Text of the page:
Here are three incredible ways video games can make you smarter.
Conventional wisdom has always pointed a dowdy finger at video games. Relegated as a waste of time and a promoter of violent behavior, video games historically haven’t been seen as assets to youth culture, rather as hindrances to their mental development and educational pursuits.
But while some people still dismiss video games, no longer are video games thought of as a purely childish hobby, considering the fact multiple generations of gamers have grown up and unsurprisingly decided to keep playing games.
Video games are even being recognized for what they are and what they can ultimately be: tools for the mind. It’s a concept that seems new and maybe even dangerous to educators, but to game designers, the idea of egging a gamer on to the next level, to learn the next combo, to research and figure out the best attack strategy – all of these things inhabit a cerebral area of the mind. And just as scientists are beginning to understand how well music can benefit a growing or an ageing one, so too can video games provide the incentive to engage the brains.
“Video games make you stupid,” may sound like conventional wisdom, but it’s not a very wise thing to say, these days.
1. Video games teach you about How to learn
The concept of learning how to learn is really central to western education. Especially in today’s fast-developing era of rapid technological changeover, new emerging job sectors, and quickly intensifying worldwide communication, being able to adapt and pick up new skill sets and information on the fly is essential to being successful in the 21st century.
Ask any video game designer and they will tell you: the key to a great game is that it makes you want to learn. A simple example can be found in the first minutes you start playing a new game. Brawlers, RTSs, RPGs, MOBAs – most video games feature far more controls, rulesets, strategies, and decisions than games of the past.
However, players today are comfortable with pulling up control schemes, memorizing command keys on the fly, and looking up tips as they go along. Heck, the stats we use in RPGs are just that, statistics. Funnily enough, what some consider to be one of the most boring mathematical subjects ever created lays at the heart of one of the most fun genres of games to play.
“Of course, game designers could have solved their learning problems by making games shorter and easier, by dumbing them down, so to speak. But most gamers don’t want short and easy games. Thus, designers face and largely solve an intriguing educational dilemma, one also faced by schools and workplaces: how to get people, often young people, to learn and master something that is long and challenging – and enjoy it, to boot,” wrote James Paul Gee from the University of Wisconsin-Madison.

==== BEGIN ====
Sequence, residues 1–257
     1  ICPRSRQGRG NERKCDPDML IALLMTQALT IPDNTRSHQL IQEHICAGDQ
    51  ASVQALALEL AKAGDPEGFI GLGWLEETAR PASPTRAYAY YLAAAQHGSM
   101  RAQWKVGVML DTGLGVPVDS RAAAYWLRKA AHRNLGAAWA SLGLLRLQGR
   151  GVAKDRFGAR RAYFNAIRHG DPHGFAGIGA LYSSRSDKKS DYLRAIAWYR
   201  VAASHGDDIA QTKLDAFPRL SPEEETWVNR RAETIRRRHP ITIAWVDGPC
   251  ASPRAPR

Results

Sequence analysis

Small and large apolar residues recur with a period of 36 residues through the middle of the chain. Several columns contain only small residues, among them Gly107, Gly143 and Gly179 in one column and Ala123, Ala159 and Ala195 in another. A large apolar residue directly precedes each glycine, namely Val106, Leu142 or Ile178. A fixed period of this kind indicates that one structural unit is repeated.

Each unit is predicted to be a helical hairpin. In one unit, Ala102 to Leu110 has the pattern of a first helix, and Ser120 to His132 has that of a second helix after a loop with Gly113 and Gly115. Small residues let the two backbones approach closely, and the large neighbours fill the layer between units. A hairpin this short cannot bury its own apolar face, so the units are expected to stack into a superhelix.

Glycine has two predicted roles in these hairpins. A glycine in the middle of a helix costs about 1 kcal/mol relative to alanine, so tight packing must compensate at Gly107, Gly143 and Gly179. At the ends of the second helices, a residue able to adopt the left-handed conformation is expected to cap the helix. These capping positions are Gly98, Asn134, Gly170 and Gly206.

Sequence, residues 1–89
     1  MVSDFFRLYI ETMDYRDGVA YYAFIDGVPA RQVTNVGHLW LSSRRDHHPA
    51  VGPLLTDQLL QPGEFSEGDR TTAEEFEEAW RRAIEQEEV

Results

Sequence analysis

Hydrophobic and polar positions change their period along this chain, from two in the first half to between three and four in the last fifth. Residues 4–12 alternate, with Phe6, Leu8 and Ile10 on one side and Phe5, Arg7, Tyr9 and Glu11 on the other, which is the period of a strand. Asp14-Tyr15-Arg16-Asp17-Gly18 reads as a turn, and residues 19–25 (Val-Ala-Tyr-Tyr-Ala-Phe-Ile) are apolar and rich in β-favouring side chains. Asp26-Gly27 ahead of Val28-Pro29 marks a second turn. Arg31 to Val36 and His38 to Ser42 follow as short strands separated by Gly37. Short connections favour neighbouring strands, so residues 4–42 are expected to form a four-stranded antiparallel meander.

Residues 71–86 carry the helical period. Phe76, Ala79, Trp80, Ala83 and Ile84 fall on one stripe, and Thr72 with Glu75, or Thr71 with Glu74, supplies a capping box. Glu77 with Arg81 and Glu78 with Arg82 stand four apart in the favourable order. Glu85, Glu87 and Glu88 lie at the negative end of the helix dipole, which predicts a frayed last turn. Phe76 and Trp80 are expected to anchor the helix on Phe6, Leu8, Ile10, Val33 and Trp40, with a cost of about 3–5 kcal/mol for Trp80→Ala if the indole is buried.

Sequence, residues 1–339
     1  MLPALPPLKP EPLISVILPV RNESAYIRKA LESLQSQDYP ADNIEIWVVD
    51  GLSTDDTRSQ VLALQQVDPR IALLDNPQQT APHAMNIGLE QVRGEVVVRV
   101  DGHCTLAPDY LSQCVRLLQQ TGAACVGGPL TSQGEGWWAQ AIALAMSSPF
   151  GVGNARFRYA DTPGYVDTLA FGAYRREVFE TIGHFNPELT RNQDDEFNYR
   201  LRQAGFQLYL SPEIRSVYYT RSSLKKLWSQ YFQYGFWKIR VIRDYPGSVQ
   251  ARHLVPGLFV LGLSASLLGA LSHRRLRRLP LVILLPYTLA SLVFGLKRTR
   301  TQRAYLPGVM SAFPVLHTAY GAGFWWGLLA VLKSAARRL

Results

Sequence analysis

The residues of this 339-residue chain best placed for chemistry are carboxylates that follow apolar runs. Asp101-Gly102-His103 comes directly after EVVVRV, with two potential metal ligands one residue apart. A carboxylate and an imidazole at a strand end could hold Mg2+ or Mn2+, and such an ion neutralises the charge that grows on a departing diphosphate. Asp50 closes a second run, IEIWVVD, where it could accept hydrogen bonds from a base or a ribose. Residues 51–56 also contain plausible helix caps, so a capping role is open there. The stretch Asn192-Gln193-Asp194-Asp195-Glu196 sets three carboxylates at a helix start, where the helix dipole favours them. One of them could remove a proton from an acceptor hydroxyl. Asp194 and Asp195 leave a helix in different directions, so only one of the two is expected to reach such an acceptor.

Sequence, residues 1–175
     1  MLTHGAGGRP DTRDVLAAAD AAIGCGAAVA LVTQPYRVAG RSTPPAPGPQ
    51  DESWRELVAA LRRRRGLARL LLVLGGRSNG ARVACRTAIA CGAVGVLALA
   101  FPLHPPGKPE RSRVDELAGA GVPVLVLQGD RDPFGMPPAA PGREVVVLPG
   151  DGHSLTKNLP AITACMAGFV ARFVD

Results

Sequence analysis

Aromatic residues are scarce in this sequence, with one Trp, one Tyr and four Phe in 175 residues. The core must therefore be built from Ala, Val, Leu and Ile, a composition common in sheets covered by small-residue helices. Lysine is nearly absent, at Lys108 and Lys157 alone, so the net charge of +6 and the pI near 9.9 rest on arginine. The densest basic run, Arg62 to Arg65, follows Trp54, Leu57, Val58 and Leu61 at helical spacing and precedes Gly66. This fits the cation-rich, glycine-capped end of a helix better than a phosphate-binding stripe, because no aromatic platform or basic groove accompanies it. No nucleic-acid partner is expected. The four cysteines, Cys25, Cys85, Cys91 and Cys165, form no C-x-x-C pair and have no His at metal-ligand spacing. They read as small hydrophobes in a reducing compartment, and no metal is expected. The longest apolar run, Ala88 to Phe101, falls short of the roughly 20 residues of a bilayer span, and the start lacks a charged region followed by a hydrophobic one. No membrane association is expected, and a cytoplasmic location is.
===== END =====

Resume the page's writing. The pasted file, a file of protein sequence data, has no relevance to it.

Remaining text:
2. Video games turn work into play
Another interesting quirk about video games is how they instill a very important personality trait: the ability to focus and persevere. It’s a personality trait that educators seem to have a hard time instilling in their students, mostly because they can’t get their students to engage with the material in the first place. However, when a person is playing a video game, the level of attention placed on the game is remarkable. While it may be argued this mindset is no different than the “focus” we place on our television set as we stare blankly at our thirteenth episode of Teen Mom, the argument can be made that video games improve focus, tenacity, and many other personality traits.
3. Video games can make you a better person
Personality development seems to be more and more one of the most beneficial aspects to video games as we move into an era where co-operative and multiplayer games seem to dominate the market. These games are built on testing your ability to work with others, typically while talking over headset. Interestingly, many of the same in-depth gaming conversations you’ll listen to are not far removed from an important board meeting – just switch out “DSP” for “dividends” or “manna shares” for “market shares” and you’ll get the point.
Working with people is one of the most important ways to succeed in life. No matter how high your IQ is, if you can’t interact, collaborate, or connect with other people, you won’t be able to accomplish many things. Einstein didn’t build the atom bomb all by himself. And no one ever won a DOTA game without some teammates. Video games teach the value of teamwork and cooperation, and understanding those things can give you far more useful skills than some information memorized from a textbook. But do learn your times tables. That stuff’s important too.